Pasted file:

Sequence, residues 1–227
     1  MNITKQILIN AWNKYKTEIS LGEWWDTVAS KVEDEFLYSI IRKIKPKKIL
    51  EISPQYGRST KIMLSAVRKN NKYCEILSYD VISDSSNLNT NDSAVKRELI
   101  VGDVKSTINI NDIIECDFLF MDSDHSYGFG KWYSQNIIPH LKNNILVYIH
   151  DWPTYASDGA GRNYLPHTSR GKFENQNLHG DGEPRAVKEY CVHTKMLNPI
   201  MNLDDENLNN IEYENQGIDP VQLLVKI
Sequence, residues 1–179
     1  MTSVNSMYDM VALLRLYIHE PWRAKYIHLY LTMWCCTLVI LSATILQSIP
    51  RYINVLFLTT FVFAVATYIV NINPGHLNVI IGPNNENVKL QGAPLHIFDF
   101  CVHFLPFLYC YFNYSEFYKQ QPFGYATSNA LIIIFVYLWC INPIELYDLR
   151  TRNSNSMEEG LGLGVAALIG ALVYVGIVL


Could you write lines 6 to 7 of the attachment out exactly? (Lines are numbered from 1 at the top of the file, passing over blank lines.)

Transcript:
   201  MNLDDENLNN IEYENQGIDP VQLLVKI
Sequence, residues 1–179